Tag Archives: fungal

Contaminated Injections Kill 5

By ThinkReliability Staff

At least 35 patients have come down with rare fungal meningitis after an injection they received for back pain was contaminated with fungus. Five have died so far. Because of the severity of the disease and the long incubation period, more cases – and more deaths – are expected in the coming months.

We can examine the issues related to the fungal meningitis in a Cause Map, or visual root cause analysis. Documenting the causes visually can make a complex medical issue easier to understand. We begin with the impacts to the goals. The deaths and severe sickness are an impact to the patient safety goal. While we begin with the known cases, these numbers can be updated if more cases are discovered. The compounding company which prepared the injections has voluntarily surrendered its license, an impact to the compliance goal and has recalled 3 lots of the drug used in the injection (methylprednisolone acetate), which can be considered an impact to both the organizational and property goal. The extremely difficult treatment ahead of these patients (estimated to take months) is an impact to the patient services and labor goal. The contamination of the injection itself can be considered an environmental goal.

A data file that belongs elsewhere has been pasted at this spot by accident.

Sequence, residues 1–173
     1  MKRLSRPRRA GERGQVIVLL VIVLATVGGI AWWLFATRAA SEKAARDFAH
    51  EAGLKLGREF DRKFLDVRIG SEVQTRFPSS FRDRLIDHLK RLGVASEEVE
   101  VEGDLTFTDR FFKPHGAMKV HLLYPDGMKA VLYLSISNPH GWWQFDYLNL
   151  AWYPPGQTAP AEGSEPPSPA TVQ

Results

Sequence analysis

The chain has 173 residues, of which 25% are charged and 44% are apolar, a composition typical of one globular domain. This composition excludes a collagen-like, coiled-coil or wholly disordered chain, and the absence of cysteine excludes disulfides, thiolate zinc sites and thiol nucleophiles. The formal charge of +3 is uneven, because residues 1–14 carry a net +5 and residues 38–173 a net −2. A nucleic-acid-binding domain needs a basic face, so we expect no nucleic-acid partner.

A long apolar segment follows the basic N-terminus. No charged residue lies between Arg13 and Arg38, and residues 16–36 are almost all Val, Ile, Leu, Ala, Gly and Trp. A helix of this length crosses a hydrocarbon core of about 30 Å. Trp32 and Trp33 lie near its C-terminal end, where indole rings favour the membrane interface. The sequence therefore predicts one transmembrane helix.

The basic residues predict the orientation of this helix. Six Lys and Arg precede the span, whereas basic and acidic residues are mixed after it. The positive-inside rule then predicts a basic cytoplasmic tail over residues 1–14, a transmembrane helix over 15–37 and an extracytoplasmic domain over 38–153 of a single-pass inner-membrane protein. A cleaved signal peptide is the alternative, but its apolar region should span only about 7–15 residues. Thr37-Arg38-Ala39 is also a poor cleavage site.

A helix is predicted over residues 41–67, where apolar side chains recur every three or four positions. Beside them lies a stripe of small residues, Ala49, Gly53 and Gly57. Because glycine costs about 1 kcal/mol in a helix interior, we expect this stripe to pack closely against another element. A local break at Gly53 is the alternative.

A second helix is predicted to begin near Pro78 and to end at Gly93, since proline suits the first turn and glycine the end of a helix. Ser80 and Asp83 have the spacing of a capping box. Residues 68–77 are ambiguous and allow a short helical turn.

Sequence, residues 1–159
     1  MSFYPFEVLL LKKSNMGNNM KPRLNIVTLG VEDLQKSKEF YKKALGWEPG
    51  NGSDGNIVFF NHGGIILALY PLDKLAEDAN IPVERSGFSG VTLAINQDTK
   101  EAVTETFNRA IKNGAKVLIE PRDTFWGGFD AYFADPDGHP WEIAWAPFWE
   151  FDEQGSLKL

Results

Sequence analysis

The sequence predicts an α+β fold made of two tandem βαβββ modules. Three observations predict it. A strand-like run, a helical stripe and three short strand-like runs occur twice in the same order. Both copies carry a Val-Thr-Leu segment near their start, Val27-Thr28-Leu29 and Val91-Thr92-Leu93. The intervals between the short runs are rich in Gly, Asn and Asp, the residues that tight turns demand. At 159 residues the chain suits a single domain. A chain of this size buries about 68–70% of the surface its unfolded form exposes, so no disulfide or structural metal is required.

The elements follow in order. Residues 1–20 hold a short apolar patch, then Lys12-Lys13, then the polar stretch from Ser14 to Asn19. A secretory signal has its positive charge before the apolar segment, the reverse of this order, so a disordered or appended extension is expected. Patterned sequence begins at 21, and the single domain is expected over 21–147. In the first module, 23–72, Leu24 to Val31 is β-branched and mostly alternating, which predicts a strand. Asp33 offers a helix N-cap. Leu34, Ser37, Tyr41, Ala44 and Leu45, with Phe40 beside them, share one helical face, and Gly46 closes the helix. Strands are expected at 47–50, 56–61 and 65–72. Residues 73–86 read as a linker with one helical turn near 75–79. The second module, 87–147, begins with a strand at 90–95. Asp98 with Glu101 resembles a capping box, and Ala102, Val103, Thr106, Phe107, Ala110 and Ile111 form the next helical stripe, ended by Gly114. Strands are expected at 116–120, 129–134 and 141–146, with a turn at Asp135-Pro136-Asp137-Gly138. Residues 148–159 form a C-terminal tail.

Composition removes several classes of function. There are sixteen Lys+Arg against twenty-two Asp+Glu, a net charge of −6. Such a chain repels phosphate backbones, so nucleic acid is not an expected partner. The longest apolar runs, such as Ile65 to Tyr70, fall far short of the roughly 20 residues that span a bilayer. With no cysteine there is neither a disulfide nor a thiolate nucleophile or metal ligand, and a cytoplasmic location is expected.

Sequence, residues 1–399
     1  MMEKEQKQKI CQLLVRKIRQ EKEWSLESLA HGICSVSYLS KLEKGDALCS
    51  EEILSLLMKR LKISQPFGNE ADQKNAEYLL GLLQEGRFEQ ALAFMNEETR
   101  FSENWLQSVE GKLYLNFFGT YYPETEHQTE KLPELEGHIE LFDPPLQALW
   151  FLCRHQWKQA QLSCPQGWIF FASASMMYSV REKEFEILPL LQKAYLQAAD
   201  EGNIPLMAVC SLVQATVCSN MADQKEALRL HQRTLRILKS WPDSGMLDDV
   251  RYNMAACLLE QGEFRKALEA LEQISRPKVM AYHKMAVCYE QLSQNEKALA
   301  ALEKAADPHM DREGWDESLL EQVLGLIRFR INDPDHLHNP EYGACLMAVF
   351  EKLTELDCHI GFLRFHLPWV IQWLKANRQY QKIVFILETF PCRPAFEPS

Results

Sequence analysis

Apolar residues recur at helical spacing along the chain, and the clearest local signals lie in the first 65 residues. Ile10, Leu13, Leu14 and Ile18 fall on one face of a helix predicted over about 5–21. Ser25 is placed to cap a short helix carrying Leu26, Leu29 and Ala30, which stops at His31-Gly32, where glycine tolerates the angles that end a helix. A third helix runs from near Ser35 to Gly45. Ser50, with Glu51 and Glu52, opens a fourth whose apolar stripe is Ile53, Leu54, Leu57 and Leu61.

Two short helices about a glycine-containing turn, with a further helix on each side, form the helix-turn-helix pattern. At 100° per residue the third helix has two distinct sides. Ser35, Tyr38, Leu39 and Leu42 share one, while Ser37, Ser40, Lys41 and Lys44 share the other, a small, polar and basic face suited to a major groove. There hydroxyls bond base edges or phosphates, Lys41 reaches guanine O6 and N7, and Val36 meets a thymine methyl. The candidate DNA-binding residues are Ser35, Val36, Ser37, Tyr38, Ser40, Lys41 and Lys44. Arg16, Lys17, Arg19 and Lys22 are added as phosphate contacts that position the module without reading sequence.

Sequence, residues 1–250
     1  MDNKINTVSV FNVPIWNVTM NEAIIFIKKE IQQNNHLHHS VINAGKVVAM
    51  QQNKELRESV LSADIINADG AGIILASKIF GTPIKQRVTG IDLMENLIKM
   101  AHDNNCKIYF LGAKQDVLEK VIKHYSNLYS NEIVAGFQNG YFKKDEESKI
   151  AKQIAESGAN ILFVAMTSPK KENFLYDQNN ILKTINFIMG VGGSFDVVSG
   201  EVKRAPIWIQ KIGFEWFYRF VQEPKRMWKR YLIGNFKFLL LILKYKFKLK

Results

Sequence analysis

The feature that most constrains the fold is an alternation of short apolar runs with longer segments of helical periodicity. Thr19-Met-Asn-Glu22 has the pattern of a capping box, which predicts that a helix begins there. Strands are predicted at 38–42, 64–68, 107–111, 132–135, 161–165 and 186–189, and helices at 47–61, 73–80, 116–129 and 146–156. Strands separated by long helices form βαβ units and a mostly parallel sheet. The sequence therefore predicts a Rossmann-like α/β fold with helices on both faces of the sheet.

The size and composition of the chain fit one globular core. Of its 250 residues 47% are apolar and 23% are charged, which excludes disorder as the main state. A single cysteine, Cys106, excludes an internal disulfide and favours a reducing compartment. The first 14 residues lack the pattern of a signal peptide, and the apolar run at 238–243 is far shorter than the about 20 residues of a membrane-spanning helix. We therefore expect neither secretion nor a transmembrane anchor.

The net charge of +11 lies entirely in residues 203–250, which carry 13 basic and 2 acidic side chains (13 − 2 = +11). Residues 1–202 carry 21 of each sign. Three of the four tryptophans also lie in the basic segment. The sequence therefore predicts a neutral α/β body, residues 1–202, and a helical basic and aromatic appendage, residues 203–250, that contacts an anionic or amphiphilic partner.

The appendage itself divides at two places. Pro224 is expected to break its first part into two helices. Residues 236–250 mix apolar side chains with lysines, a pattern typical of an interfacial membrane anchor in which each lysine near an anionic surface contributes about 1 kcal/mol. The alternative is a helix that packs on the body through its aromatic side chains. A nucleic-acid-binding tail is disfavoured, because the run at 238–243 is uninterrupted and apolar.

Once we have captured these impacted goals, we can begin with the focus of our investigation – the patient safety goal – and ask “why” questions to develop the cause-and-effect relationships that resulted in the disease. The patient deaths and sickness are due to contraction of fungal meningitis. These patients came down with fungal meningitis because fungus was introduced to their nervous system. The injections that the patients received for back pain were injected epidurally, which allows access to the nervous system, and were infected with aspergillus, a common fungi. More testing is being done to determine whether the contamination was in the drug within the injection, or the numbing agent or antiseptic wipes being used. Due to the widespread (across several states) outbreak, it is believed that the drug within the injection is to blame, but because of the seriousness of this issue, all potential causes are being carefully tested.

Because the drug used in the injection was compounded, the contamination could have occurred within a raw ingredient used in the compounding, or it could have become contaminated during the compounding process. The source of the outbreak is not yet known, but because compounded drugs and compounding companies receive less oversight than drug manufacturers, it is suspected that the contaminant was introduced during the compounding process.

Initial symptoms of fungal meningitis are subtle, including headache, fever, dizziness, nausea and slurred speech. The symptoms can take up to a month from introduction of the fungus to appear. If patients have received a shot for back pain, they should contact their doctor to see if it was from the infected lot. Early and immediate treatment is important.

To view the Outline and Cause Map, please click “Download PDF” above. Or click here to read more.